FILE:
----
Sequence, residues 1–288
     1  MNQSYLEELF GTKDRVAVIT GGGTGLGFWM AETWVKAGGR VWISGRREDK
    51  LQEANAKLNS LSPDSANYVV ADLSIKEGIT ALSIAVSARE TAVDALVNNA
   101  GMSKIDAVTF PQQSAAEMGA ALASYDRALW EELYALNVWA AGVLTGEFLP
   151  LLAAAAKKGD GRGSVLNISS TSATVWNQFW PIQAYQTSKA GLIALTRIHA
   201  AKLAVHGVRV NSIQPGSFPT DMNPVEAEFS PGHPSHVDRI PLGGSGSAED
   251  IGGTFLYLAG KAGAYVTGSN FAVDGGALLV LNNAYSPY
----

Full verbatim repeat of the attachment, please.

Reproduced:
Sequence, residues 1–288
     1  MNQSYLEELF GTKDRVAVIT GGGTGLGFWM AETWVKAGGR VWISGRREDK
    51  LQEANAKLNS LSPDSANYVV ADLSIKEGIT ALSIAVSARE TAVDALVNNA
   101  GMSKIDAVTF PQQSAAEMGA ALASYDRALW EELYALNVWA AGVLTGEFLP
   151  LLAAAAKKGD GRGSVLNISS TSATVWNQFW PIQAYQTSKA GLIALTRIHA
   201  AKLAVHGVRV NSIQPGSFPT DMNPVEAEFS PGHPSHVDRI PLGGSGSAED
   251  IGGTFLYLAG KAGAYVTGSN FAVDGGALLV LNNAYSPY